For up-to-date Australian weather reports, check out the Australian Bureau of Meteorology's website.
There are three time zones in Australia:
- Eastern Standard Time (EST), which includes New South Wales, Victoria, Queensland, Tasmania and the Australian Capital Territory.
- Central Standard Time (CST), which includes South Australia and the Northern Territory.
- Western Standard Time (WST) - Western Australia. CST is one half hour behind EST, while WST is two hours behind EST.
Communications & Electricity
Australia offers modern and reliable telecommunication services. Telephone, post, email and Internet services are all readily available to visitors.
The electrical current in Australia is 220-240 volts, AC 50Hz. The Australian three-pin power outlet is different from some other countries so you may need an adaptor. If your appliances are 110V, you may need a voltage converter. Universal outlets for 240V or 110V shavers are usually found in leading hotels.
Tipping is not obligatory in Australia, however tipping is gaining a foothold, particularly in cafes and restaurants in the bigger cities where a 10-15% tip is customary. However, you won't cause offense if you don't tip. Taxi drivers are always grateful if you leave the change.
Driving in Australia
Australians drive on the left hand side of the road. The steering wheel is on the right hand side of the car. The maximum speed limit in cities and towns is 60 km/h (35 mph) and on country roads and highways, 100 km/h (62mph) to 110km/h (68 mph) unless signs indicate otherwise. Strict drink-driving laws apply. Drivers and passengers must wear seat belts at all times. A bona-fide tourist may drive in Australia on a valid overseas driver's license for the same class of vehicle. Licenses must be carried when driving.
Australia is a vast continent full of amazing sights. If you're here on a short trip, you may prefer to travel by air. If you prefer a more leisurely pace, then hit the road. Australia has a vast network of well-maintained roads and highways with some of the most beautiful road touring in the world. Click here for a distance chart.
Frequently Asked Questions
What should I pack?
The summer months (December to February) are warm to hot. Bring lightweight clothes, but keep a jacket or sweater handy as nights may be cool. For the winter months (June to August), warmer clothes plus sweaters, a jacket or light coat is advisable. In the tropical areas, lightweight clothing (natural fibres) is suitable all year round.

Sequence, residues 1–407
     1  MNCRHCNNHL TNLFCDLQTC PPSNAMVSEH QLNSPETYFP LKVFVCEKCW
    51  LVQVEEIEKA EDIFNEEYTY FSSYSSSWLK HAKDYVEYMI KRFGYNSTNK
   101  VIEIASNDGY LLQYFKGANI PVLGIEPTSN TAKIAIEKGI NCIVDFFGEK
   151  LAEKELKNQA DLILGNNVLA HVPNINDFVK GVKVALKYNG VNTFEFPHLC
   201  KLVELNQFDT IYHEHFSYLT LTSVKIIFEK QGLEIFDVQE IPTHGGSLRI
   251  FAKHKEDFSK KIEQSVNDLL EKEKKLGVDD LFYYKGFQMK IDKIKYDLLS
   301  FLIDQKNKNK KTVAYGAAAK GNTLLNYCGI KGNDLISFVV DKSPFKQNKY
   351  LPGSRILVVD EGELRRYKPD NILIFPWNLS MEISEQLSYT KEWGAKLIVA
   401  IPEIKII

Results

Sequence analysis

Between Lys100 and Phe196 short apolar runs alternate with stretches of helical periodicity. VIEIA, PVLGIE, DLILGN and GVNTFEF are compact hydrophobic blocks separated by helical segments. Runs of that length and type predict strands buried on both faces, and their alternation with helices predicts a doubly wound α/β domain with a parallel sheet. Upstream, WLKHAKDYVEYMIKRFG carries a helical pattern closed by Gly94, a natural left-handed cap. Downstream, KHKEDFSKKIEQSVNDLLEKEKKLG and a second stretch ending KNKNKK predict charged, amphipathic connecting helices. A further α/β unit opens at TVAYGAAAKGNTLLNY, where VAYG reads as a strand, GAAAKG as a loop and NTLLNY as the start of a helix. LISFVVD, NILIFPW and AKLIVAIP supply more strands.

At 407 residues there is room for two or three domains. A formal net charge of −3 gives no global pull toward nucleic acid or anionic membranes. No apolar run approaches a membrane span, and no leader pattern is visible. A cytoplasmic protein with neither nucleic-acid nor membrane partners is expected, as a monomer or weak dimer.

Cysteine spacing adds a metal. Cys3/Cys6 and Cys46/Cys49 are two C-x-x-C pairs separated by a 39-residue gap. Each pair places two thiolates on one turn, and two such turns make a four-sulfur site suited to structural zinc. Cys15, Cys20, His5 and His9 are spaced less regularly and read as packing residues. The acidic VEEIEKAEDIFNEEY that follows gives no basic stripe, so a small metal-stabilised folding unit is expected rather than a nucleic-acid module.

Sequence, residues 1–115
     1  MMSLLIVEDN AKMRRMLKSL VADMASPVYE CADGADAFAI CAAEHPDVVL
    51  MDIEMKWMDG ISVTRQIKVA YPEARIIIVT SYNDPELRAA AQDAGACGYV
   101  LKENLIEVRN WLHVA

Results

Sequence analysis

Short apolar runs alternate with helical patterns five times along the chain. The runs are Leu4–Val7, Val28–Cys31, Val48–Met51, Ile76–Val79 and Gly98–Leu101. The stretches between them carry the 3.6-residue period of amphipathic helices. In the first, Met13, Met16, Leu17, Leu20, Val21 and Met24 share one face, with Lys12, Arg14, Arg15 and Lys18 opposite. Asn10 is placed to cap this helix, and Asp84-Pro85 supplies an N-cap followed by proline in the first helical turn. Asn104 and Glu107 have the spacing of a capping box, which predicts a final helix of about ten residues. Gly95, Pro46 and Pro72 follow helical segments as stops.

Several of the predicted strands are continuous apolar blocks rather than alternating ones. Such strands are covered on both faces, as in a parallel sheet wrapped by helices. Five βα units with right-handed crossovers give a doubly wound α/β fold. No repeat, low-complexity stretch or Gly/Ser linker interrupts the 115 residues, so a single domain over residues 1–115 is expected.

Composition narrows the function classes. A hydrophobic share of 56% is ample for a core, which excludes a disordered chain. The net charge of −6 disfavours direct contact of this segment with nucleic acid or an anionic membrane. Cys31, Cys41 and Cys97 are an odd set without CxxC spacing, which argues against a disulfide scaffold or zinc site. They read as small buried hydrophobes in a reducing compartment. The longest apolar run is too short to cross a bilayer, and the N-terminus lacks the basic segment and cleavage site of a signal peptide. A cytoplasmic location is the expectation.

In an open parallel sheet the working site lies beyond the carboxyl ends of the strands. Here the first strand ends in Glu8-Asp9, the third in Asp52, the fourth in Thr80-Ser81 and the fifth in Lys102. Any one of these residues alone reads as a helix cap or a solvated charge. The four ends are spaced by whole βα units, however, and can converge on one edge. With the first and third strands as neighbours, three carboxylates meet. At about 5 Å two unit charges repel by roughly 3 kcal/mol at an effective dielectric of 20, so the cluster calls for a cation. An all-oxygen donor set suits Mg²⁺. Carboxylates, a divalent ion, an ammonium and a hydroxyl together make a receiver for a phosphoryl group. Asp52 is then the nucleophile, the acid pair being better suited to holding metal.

How much will it cost?
Australia's reasonable prices for goods and services make it a desirable holiday destination. The following budgeting guide gives an approximate example of costs, although prices will vary by region and are a guide only. Prices shown are in Australian dollars and include Australia 's Goods and Services Tax (GST) of 10 per cent. All prices are subject to change. Click here for a budgeting guide.
What to buy?
There are a wide variety of quality products on offer in Australia at very competitive prices. Shop around and compare prices and quality before you buy. This will help you get the great bargains that are available across a range of stores in Australia.
In Australia many stores sell duty-free and tax-free products and services. Make sure you keep originals or copies of your passport and travel ticket with you to take advantage of these discounts. If you buy an item and it does not work properly, you have the right to a refund or to have the item replaced or repaired. Also ask about the store's policy on repairing or returning their products in your home country (keep your receipts).
The variety of Aboriginal art for sale or viewing includes traditional dot and bark paintings, modern "earth pigment" screen prints, decorated jewelry and wood carvings, boomerangs, didgeridoos, weapons, ceramics, scarves, and even compact discs of traditional music. While most traditional art is available online and at authorized outlets, authenticity is perhaps the most critical issue facing the industry. Without authentication from a reputable supplier, art purchased now may not appreciate in value in years to come. The National Indigenous Arts Advocacy Association Inc. represents and protects the rights of Indigenous people and ensures that you are buying the genuine product.